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I am confused on the notion of conditional probability when the conditioning variable is continuous.

Consider the random variables $X,Y$ on the probability space $(\Omega, \mathcal{F}, P)$ with support, respectively, $\mathcal{X}$ and $\mathcal{Y}$. Let $Y$ be a discrete random variable.

(1) If I find $$ P(Y=y|X) \hspace{1cm} \text{$P$-a.s.} $$ and $X$ is continuous does it mean $$ P(Y=y|X\in A) \hspace{1cm} \text{$\forall A\subseteq \mathcal{X}$ such that $P(X\in A)>0$} $$ ?

(2) If I find $$ P(Y=y|X) \hspace{1cm} \text{$P$-a.s.} $$ and $X$ is discrete does it mean $$ P(Y=y|X=x) \hspace{1cm} \text{$\forall x\in \mathcal{X}$} $$ ?

(3) If the answers to (1) and (2) are YES-YES, why in (2) it is sufficient to consider single realisations of $X$ and we can forget non-singleton subsets of $\mathcal{X}$?

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  • $\begingroup$ Do you mean $P\{Y\in A\mid X\}$? $\endgroup$ – d.k.o. May 10 '16 at 19:58
  • $\begingroup$ No, I'm talking about the conditioning. $\endgroup$ – TEX May 10 '16 at 19:59
  • $\begingroup$ I have edited the question to clarify your point $\endgroup$ – TEX May 10 '16 at 20:00
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By definition, $P\{A\mid X\}$ ($A=\{Y=y\}$ in your case) is a $\sigma(X)$-measurable r.v. satisfying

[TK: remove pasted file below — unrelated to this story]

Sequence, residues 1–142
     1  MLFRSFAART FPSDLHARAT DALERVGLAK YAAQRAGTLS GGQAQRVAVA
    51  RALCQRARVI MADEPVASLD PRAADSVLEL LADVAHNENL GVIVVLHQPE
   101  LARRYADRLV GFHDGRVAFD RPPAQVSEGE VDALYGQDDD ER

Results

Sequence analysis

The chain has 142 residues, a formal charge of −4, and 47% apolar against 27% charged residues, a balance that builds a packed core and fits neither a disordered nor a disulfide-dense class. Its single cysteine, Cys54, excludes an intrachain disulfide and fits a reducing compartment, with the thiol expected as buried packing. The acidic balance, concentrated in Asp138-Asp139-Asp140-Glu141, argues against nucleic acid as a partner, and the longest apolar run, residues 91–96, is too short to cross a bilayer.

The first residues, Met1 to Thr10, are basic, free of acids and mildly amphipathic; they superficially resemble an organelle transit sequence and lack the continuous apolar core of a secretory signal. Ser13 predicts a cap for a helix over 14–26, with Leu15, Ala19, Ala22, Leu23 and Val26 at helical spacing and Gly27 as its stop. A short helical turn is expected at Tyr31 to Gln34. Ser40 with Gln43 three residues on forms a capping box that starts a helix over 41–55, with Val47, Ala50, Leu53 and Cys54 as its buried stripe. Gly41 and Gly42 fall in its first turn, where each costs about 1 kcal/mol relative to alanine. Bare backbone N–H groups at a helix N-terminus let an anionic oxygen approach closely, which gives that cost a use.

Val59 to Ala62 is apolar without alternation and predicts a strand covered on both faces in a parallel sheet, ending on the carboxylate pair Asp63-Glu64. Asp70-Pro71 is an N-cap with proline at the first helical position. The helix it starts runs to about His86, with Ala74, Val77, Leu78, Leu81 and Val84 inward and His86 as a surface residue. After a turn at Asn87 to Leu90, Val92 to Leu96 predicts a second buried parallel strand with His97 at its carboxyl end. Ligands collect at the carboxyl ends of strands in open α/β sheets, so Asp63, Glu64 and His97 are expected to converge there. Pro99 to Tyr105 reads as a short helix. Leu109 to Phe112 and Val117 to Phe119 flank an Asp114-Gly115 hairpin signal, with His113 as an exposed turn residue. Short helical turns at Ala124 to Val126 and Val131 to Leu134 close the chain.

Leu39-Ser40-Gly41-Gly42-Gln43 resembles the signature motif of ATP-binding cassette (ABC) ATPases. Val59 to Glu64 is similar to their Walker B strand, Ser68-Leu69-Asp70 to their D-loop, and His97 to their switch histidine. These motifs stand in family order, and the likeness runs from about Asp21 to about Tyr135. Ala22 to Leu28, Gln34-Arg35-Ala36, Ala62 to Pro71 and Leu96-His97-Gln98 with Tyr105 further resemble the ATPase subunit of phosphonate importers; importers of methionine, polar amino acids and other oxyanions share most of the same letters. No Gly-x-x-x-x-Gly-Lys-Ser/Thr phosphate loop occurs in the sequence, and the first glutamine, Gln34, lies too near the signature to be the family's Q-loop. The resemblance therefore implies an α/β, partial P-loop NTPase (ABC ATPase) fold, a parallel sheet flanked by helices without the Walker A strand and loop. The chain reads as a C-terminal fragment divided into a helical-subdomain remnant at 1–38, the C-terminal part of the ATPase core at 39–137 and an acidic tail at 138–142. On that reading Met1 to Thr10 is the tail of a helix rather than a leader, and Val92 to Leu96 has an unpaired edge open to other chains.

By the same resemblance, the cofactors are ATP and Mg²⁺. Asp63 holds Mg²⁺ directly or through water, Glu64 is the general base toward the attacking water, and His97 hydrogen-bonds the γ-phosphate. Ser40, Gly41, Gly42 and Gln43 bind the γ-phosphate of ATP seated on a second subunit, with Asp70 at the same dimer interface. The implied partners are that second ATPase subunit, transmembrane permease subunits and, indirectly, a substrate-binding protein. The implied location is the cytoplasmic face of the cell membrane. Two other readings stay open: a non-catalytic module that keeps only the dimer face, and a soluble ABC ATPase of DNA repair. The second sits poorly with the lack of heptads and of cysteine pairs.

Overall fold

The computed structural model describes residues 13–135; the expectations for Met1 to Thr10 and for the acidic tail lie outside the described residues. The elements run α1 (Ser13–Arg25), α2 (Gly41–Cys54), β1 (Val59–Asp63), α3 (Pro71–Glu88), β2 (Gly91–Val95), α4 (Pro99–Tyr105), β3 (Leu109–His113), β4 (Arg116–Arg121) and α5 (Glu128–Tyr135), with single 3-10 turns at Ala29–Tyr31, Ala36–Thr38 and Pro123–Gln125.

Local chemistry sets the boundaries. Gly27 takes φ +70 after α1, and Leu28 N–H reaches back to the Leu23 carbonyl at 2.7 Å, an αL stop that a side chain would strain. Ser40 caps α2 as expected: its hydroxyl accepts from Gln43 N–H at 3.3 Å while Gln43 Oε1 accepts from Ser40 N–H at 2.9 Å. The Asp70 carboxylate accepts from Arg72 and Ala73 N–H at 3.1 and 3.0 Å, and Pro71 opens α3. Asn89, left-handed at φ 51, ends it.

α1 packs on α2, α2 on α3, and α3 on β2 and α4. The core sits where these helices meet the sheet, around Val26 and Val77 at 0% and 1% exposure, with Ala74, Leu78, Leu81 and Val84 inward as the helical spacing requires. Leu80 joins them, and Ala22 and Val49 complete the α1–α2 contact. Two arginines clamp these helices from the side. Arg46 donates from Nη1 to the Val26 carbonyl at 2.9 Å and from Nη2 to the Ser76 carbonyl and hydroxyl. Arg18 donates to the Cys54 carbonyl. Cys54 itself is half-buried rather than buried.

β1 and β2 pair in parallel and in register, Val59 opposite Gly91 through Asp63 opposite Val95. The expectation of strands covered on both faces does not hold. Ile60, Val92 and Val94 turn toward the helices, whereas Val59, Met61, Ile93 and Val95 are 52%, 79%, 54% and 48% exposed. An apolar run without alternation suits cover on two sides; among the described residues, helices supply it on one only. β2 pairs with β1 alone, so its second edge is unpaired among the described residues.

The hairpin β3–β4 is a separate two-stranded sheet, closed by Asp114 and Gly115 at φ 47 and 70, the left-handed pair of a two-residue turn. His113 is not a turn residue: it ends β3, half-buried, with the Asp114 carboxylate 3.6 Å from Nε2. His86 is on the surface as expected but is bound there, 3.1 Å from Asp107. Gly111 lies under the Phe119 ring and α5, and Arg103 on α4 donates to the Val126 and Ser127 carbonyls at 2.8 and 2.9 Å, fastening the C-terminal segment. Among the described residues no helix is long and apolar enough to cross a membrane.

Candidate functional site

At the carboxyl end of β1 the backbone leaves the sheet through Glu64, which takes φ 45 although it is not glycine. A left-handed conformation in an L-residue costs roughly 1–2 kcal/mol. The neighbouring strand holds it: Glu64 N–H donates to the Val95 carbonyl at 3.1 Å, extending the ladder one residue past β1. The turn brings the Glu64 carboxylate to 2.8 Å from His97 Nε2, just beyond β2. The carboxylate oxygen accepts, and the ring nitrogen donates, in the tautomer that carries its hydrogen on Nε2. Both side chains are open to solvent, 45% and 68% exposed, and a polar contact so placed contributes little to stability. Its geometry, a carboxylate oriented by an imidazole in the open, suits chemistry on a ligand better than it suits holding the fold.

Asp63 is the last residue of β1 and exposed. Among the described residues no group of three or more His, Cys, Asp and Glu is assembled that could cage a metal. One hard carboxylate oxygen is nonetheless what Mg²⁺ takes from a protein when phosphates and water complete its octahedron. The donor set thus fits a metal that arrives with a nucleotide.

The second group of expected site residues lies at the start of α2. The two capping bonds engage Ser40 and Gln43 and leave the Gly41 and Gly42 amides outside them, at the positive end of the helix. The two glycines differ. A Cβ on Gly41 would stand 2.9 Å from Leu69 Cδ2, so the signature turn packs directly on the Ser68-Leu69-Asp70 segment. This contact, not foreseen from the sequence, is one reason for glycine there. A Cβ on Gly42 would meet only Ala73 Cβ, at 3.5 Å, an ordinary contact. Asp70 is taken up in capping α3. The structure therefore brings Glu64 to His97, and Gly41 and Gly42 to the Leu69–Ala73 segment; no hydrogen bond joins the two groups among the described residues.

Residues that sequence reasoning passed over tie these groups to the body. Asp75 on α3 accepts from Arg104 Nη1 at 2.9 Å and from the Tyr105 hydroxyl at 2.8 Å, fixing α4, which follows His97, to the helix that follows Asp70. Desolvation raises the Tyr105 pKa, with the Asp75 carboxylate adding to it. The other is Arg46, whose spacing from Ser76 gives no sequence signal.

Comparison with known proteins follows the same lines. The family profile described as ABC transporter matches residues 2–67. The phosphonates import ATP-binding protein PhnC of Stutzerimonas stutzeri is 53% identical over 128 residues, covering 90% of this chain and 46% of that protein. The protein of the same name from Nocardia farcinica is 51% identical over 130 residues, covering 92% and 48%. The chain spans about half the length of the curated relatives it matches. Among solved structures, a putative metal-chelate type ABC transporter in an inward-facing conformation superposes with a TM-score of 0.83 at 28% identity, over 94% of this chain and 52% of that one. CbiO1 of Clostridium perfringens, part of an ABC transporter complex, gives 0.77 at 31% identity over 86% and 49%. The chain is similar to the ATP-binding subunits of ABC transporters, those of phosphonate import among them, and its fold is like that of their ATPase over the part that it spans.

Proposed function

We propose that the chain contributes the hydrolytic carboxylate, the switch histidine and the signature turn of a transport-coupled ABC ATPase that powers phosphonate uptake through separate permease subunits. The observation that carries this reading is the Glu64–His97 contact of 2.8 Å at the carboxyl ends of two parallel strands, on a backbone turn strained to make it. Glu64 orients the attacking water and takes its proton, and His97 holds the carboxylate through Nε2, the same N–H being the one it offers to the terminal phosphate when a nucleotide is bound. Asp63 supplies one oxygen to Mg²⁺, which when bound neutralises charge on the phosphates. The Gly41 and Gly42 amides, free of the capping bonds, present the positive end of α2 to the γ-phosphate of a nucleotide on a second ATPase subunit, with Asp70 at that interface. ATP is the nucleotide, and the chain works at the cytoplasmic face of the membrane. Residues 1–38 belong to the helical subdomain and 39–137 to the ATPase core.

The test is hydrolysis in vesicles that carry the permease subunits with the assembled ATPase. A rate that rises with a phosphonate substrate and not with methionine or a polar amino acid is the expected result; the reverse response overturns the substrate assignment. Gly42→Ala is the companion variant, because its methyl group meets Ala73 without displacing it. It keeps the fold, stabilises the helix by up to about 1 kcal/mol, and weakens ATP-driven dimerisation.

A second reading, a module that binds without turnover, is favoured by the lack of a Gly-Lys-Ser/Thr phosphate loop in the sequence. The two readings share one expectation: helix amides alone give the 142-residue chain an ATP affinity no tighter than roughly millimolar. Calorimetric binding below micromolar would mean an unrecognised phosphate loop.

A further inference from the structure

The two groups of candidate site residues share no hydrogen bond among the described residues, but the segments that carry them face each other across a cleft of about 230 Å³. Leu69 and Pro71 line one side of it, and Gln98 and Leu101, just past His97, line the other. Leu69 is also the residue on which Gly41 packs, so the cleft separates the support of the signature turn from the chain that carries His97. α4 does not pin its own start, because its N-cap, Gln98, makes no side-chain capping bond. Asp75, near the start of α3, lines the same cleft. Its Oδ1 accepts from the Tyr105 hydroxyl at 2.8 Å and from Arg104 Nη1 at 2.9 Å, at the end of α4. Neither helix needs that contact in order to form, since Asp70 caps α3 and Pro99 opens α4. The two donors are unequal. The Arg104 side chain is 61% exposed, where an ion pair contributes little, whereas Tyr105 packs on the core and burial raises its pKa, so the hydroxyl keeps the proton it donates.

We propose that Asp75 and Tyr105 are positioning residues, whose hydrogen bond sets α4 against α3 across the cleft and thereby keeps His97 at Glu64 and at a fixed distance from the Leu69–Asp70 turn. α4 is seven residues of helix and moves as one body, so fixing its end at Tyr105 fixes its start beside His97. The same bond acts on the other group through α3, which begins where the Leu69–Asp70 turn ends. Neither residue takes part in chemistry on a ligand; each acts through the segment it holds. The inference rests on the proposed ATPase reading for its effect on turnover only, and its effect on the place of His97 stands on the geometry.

$$ \int_{\{X\in B\}} P\{A\mid X\}dP=P(A\cap \{X\in B\}), \quad \forall B\in\mathcal{B}. $$

($P\{A\mid X\}$ is unique up to null sets). Since $P\{A\mid X\}$ is $\sigma(X)$-measurable, there is a Borel function $\varphi$ s.t. $$ \varphi(X(\omega))=P\{A\mid X\}(\omega), $$ and $\varphi(x)$ is denoted by $P\{A\mid X=x\}$. This construction works in both cases (for continuous and discrete $X$) and if you know $\varphi(x)$, you can find $P\{A\mid X\}$ and vice versa.

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  • $\begingroup$ Thanks. Could you add some comments more related to my questions? $\endgroup$ – TEX May 11 '16 at 10:18
  • $\begingroup$ $P(A|X=x)$ does not make sense if $X$ is continuous because $P(X=x)=0$ $\endgroup$ – TEX May 11 '16 at 10:21
  • $\begingroup$ Unless, we define $P(A|X=x)$ when $X$ is continuous using the pdf of $X$. This is the point is confusing me I guess $\endgroup$ – TEX May 11 '16 at 10:30
  • $\begingroup$ The meaning of conditional probability/expectation is the same for both discrete and continuous $X$'s - it's a function of $X$ and this function is denoted by $P\{A\mid X=x\}$. When $B=\{X=x\}$ is not a null set $P\{A\mid B\}$ has the ordinary meaning: probability of $A$ given $B$. $\endgroup$ – d.k.o. May 11 '16 at 19:07

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